1911 Encyclopædia Britannica/Wallingford (England)

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26326631911 Encyclopædia Britannica, Volume 28 — Wallingford (England)

WALLINGFORD, a market town and municipal borough in the Abingdon parliamentary division of Berkshire, England, 51 m. W. by N. of London by the Great Western railway. Pop. (1901) 2808. It is pleasantly situated in the flat valley of the Thames, on the west (right) bank. The railway station is the terminus of a branch line from Cholsey. Of the churches only St Leonard's, retaining some Norman work and rebuilt approximately on its original plan, with an eastern apse, is of interest. The ancient castle has left only its mound and earthworks, and other works may be traced surrounding the town on the landward side. The town hall raised on arches, dates from 1670. The large grammar school was founded in 1659. The trade of the town is principally agricultural, and malting is carried on. The borough is under a mayor, 4 aldermen and 12 councillors. Area, 380 acres.

The site of Wallingford (Warengeford, Walynford, Walyngforth) was occupied by a Romano-British settlement, though the imposing earthworks are of uncertain date—they may be of post-Roman British origin. Wallingford was a fortified town before the Conquest, and, though burned by Sweyn in 1006, was much the largest and most important borough in Berkshire at the time of the Domesday Survey. The new castle was so extensive that eight houses had been demolished to make room for it; the market was already in existence, and perhaps also the gild merchant, which in a charter of Henry II. is said to date back to the reign of the Confessor. In the reign of Henry I. the beginning of decay is marked by the inability of the town “through poverty” to pay its aid. It is said to have suffered greatly from the Black Death, and its decline was accelerated by the building, in the early 15th century, of two bridges near Abingdon, which diverted the main road between London and Gloucester from Wallingford. Periodical reductions in the fee farm show the gradual impoverishment of the town, and in 1636 its assessment for ship-money was only £20, while that of Reading was £220. Wallingford was a royal borough held in the reign of Henry III. by Richard, king of the Romans. Edward III. granted the fee farm to the Black Prince and his successors in the duchy of Cornwall. The earliest charters were given by Henry I. and Henry II., the latter confirming the ancient privileges of the borough, which were to be held as the citizens of Winchester held theirs, and granting to the burgesses freedom from toll throughout his dominions. These charters were confirmed and enlarged by Henry III. in 1267 and by Philip and Mary in 1557–1558. In 1648 the corporation consisted of a mayor, three aldermen, a chamberlain and sixteen burgesses. This constitution was remodelled in 1650 by a charter from Cromwell, but the governing charter until the passing of the Municipal Corporations Act of 1835 was that given by Charles II. in 1663, incorporating the town under the style of a mayor, recorder, town clerk, six aldermen, two burgesses, a chamberlain and eighteen assistants of the better sort of the inhabitants. In 1571 Elizabeth issued letters patent empowering the burgesses of Wallingford to take toll of all carts passing over their bridge, in order to provide for its repair and maintenance. Wallingford sent two members to parliament from 1295 to 1832, and one from 1832 to 1885, when its representation was merged in that of the county: before 1832 the franchise was vested in the inhabitants paying scot and lot. The empress Maud took refuge at Wallingford after her escape from Oxford Castle (1142), and here peace was made between her and Stephen (1153). Wallingford Castle was one of the last fortresses to hold out for Charles I., and during the Commonwealth it was demolished by order of the government. In 1205 the king commanded the sheriff of Oxford to cause a fair to be held at Wallingford at Whitsun for four days, to be continued for three years. In 1227 Swyncombe fair was transferred from the feast of St Botolph to the feast of St Mark in order not to interfere with Wallingford fair. Fairs on the days of St Nicholas and of St John the Baptist were granted by Henry VII. in 1500, and the charter of 1663 provided for two markets and four annual fairs. All the latter have fallen into disuse except the Michaelmas fair, which is principally for hiring servants. During the 18th century the town was fairly prosperous and had a good trade in grain and malt.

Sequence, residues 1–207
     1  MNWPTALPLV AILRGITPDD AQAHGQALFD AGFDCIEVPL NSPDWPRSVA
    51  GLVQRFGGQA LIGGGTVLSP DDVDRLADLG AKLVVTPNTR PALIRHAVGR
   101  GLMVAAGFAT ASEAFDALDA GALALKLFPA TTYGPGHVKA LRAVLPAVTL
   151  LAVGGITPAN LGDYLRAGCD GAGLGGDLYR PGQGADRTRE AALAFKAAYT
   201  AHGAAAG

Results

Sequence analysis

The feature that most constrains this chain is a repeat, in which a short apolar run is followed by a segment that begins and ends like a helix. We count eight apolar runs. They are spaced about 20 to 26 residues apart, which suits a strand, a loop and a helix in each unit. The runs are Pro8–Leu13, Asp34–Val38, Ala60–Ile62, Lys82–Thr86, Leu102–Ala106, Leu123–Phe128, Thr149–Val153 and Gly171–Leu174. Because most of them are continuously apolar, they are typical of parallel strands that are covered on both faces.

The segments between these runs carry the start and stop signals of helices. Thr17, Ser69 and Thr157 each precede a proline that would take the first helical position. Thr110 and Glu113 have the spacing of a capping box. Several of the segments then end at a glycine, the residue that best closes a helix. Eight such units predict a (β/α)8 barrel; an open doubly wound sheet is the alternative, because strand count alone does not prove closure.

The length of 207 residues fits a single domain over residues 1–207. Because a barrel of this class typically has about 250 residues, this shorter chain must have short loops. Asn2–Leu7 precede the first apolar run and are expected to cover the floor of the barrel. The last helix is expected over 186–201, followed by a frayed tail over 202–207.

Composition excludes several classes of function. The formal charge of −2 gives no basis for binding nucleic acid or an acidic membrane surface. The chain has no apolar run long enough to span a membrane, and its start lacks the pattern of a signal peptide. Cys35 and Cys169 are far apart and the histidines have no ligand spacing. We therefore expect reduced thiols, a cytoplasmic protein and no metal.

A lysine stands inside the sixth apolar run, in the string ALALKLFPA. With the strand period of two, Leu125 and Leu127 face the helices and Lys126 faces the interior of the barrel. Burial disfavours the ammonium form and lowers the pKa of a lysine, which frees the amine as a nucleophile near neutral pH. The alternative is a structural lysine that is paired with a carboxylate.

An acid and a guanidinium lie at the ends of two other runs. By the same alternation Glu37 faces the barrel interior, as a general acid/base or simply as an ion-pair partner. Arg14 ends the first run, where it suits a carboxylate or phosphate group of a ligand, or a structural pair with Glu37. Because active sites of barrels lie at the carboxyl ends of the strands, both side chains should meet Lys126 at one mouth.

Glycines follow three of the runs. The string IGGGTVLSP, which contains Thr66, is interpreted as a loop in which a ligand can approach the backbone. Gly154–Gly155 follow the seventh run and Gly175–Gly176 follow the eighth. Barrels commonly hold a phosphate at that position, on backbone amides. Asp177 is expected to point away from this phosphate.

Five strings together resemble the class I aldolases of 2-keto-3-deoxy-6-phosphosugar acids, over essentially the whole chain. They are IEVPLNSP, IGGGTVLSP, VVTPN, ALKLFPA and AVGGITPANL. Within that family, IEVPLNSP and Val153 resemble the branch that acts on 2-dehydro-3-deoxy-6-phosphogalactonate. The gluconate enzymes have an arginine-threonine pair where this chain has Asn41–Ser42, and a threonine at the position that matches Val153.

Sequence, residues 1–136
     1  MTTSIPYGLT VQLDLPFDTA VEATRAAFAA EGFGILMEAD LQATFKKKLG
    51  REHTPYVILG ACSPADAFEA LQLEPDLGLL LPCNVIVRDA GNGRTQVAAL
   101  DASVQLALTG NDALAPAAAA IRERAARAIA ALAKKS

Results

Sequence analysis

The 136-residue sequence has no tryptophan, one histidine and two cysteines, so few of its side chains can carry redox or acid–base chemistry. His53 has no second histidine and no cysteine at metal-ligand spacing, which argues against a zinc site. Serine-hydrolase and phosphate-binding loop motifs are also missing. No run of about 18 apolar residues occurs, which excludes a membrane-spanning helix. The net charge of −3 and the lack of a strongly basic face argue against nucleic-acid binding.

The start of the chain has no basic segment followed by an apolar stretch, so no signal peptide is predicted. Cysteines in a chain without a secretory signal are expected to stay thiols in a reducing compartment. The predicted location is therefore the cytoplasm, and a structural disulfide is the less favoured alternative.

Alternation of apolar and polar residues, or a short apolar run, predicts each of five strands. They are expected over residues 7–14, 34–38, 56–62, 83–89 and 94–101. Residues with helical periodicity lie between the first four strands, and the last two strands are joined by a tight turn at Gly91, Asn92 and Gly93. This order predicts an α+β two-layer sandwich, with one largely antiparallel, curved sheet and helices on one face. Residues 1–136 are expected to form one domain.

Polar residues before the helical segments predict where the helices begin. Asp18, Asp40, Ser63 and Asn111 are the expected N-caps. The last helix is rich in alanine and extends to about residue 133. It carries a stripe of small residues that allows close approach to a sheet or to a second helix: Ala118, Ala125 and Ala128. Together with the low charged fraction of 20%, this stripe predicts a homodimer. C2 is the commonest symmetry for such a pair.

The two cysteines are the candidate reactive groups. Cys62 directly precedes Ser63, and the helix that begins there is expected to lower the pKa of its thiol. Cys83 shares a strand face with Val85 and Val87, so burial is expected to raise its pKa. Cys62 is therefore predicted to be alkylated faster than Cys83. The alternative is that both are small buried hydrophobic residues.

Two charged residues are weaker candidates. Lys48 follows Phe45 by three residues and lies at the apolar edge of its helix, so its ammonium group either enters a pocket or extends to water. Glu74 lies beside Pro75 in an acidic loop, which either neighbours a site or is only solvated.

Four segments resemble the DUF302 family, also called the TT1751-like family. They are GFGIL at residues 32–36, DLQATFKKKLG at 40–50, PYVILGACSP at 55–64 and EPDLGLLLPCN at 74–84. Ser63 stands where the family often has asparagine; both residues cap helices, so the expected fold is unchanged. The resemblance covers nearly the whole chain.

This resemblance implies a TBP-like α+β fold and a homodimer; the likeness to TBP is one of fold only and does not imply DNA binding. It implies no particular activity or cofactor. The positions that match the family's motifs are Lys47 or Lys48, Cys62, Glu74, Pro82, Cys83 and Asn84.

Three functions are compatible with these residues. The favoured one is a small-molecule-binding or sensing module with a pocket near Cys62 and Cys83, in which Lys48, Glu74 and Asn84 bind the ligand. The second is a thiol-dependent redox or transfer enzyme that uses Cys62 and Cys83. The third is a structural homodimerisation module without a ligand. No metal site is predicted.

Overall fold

See Victoria County History, Berks; T. K. Hedges, The History of Wallingford (London, 1881).